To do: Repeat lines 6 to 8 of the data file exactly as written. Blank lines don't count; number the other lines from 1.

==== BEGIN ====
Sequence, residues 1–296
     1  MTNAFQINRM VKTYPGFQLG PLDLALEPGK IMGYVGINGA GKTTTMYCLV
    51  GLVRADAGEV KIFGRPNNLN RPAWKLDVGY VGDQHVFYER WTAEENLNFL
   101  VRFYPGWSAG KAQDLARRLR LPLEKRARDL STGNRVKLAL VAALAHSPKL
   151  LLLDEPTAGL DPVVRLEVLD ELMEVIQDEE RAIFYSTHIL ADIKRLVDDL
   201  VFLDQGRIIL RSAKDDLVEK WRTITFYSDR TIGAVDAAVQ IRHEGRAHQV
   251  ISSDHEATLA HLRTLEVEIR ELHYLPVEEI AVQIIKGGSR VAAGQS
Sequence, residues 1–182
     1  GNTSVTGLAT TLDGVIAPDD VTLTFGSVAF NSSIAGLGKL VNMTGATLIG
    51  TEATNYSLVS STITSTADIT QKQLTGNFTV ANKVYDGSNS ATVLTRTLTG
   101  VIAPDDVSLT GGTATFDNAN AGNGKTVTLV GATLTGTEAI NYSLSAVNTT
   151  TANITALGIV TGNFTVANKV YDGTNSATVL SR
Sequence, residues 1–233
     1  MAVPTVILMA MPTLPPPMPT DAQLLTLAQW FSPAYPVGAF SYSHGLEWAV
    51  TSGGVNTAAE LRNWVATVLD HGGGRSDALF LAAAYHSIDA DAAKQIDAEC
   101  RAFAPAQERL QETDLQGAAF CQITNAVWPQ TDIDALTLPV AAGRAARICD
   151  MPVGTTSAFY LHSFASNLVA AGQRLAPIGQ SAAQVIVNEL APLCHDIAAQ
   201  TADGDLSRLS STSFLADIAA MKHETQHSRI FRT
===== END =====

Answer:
   201  VFLDQGRIIL RSAKDDLVEK WRTITFYSDR TIGAVDAAVQ IRHEGRAHQV
   251  ISSDHEATLA HLRTLEVEIR ELHYLPVEEI AVQIIKGGSR VAAGQS
Sequence, residues 1–182